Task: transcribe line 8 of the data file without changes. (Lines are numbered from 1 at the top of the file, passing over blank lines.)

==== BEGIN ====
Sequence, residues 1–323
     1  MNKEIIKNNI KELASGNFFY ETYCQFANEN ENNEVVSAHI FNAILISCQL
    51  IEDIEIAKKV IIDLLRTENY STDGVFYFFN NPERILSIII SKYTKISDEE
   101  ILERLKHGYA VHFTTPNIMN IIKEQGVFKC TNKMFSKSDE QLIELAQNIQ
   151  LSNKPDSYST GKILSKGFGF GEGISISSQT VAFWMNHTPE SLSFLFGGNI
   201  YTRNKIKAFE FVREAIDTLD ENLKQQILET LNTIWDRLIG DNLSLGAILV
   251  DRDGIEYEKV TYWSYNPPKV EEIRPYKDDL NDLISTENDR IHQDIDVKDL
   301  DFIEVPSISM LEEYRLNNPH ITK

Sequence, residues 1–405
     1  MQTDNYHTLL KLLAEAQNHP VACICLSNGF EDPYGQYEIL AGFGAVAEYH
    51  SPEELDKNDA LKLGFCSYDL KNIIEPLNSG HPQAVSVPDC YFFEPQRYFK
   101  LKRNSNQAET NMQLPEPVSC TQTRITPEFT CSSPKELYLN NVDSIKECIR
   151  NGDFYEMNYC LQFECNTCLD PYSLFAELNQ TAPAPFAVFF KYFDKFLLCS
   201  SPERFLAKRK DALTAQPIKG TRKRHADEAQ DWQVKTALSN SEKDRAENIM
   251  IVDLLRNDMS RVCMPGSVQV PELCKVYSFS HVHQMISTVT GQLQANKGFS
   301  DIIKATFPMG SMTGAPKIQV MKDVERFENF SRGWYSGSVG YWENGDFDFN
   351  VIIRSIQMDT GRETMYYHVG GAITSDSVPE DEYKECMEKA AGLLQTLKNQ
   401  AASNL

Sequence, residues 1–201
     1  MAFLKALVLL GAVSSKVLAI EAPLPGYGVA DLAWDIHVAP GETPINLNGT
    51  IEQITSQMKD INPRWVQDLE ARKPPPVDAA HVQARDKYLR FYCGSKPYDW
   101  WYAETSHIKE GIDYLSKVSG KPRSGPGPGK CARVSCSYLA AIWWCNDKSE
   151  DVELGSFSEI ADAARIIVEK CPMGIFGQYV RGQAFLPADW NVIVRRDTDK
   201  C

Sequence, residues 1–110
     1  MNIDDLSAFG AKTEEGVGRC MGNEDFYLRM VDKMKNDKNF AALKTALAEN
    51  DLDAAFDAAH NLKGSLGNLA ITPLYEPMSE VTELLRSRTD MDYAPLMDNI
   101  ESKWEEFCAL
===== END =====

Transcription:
   301  DFIEVPSISM LEEYRLNNPH ITK